Project VTOL


VTOL is an abbreviation for Vertical Take-Off and Landing. VTOL describes fixed-wing aircraft that can lift off vertically. This classification includes only a very few aircraft like helicopters, autogyros, jump jets, and tiltrotors. Helium-filled balloons and airships are not normally considered VTOL. The following project was dedicated to our passion for making a functional VTOL design for the hobbyist using conventional components available at multiple vendors.

The Bell Boeing V-22 Osprey is the first aircraft designed from the ground up to meet the needs of all four U.S. armed services. The tiltrotor aircraft takes off and lands like a helicopter. Once airborne, its engine nacelles can be rotated to convert the aircraft to a turboprop airplane capable of high-speed, high-altitude flight. 

It seems that some people currently working on an Radio Controlled (or R/C) VTOL project are getting hung up on making a functionally true to scale model (like a V22 Osprey) which makes the cost and complexity of the project extremely high. Other successful projects have been contracted by commercial or military organizations where cost is not a major focus. I have also seen successful VTOL projects that end up looking like spiders from outer space. While I suspect that these “spiders” are good low-cost designs, they do not look or fly like a scale plane. My focus will be in making a VTOL design that is a repeatable project for the advanced R/Cer; one that is easy to repair and looks like a real model plane. By using some of the key concepts revealed in this multi-part article, you can create your own VTOL design inspired by your imagination.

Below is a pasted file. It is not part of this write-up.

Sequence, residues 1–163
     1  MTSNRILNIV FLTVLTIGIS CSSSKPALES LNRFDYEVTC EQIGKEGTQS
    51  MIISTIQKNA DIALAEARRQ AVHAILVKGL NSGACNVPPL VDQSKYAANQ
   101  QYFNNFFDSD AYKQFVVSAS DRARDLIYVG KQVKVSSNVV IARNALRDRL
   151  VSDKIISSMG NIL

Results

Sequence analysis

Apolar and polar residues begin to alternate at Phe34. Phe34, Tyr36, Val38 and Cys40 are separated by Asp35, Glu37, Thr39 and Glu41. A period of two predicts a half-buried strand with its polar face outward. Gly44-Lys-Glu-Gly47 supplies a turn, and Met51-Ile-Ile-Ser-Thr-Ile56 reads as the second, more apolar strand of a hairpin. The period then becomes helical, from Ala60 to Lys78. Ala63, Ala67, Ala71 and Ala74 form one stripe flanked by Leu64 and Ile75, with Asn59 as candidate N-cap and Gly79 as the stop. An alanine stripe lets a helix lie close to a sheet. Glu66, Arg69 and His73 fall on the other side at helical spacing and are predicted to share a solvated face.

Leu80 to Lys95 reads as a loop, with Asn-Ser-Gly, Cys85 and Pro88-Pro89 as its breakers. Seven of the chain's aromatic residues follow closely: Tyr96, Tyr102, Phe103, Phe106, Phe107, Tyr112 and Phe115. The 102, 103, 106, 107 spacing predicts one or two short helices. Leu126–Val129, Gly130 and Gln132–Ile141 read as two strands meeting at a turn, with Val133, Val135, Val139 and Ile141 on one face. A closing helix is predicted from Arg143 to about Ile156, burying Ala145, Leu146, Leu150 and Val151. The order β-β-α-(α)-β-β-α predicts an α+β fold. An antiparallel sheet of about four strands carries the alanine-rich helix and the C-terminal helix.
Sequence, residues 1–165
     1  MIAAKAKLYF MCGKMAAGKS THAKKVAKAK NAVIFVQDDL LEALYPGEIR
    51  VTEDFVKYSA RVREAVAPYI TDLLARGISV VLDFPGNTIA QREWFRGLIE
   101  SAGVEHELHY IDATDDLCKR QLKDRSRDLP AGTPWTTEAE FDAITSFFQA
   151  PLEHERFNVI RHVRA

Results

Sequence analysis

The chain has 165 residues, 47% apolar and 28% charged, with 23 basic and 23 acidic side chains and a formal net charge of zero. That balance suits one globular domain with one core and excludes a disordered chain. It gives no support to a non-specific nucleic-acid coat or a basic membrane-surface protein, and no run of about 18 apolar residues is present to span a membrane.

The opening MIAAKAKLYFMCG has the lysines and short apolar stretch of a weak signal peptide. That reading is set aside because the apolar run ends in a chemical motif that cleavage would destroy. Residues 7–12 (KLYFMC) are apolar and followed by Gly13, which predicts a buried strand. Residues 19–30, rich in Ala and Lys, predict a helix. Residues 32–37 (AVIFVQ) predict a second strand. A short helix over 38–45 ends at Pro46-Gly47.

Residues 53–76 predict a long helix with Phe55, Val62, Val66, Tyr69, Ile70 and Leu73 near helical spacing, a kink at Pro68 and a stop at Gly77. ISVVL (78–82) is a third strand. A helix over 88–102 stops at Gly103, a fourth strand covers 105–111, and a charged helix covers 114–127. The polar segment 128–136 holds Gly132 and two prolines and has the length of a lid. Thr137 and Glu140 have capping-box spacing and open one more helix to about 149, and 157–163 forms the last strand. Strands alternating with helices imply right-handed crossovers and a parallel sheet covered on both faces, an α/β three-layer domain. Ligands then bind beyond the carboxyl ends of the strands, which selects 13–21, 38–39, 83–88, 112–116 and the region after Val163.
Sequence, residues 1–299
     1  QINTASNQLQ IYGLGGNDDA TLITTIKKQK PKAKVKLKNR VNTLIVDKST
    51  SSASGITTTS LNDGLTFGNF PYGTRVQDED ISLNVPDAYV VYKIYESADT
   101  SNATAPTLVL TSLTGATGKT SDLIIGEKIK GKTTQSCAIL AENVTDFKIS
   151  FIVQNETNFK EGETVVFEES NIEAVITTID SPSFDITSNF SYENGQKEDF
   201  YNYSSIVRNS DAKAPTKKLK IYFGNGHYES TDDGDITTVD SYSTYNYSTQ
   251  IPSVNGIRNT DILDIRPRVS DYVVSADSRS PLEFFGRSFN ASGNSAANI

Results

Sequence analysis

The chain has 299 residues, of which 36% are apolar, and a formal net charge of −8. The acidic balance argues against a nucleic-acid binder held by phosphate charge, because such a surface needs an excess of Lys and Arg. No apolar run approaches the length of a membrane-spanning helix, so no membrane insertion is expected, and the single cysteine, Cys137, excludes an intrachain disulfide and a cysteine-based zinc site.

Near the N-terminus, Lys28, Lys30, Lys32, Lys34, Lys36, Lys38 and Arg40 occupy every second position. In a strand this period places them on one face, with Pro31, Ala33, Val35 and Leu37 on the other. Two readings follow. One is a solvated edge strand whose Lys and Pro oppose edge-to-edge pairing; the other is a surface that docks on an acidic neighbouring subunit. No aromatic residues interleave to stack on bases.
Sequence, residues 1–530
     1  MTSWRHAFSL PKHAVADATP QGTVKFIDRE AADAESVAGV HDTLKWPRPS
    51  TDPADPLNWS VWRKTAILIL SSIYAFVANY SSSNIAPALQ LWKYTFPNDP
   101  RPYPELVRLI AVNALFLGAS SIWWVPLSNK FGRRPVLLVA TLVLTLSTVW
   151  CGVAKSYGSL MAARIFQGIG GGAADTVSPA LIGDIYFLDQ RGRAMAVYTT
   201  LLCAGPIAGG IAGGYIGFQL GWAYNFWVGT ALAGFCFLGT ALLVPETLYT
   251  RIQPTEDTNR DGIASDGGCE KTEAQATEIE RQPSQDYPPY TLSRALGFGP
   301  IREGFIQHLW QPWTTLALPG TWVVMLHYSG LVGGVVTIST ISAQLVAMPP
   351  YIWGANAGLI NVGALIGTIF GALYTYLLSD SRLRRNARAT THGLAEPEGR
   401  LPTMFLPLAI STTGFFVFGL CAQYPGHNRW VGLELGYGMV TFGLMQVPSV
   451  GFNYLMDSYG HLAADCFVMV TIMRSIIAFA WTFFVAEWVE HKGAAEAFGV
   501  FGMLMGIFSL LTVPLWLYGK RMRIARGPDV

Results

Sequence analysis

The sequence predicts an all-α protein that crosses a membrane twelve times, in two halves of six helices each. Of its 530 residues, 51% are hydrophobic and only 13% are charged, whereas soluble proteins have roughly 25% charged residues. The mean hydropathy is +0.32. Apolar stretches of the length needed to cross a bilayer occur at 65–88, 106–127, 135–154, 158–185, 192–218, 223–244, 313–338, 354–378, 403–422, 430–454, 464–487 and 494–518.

Project VTOL

Look for the entire VTOL project review in upcoming issues of AMP'D!

In Part 1 of the series, I select a host plane that is low cost, easy to repair, and, easily modified. The Multiplex Magister ARF was also proven to be a good flyer based upon previous reviews. It was then outfitted with twin Jeti brushless power systems and a single 3-cell, 20C, 5000mAh, LiPo pack. The amount of thrust proved to be more than adequate to easily hover the 6lb airframe. This validated the basic concept and allowed the project to move forward.

Finally, in Part 1, we cover my new wing construction and gyro experimentation in greater detail. Also, the design will be tested to see if the VTOL design still flies like a normal plane using twin motors and weighing a pound over the stock flying weight!

In Part 2, it will be time for the true success test. Will my VTOL design properly transition from hover to flight and back? Will I need to enable the Co-pilot stabilization in addition to the gyros? Assuming my design survives all the testing, what will my final scale appearance emulate? Ray and Kyle Stacy will be helping me to set up the gyros and fly demos for the 2008 season. Kyle recently placed 2nd in the World Heli-Micro competition and 3rd in the Heli-Mini competition. Ray is an AMA Model Aviation columnist and brings decades of experience to Project VTOL.

Stay tuned as VTOL technology takes off in AMP'D only on RCUniverse.com!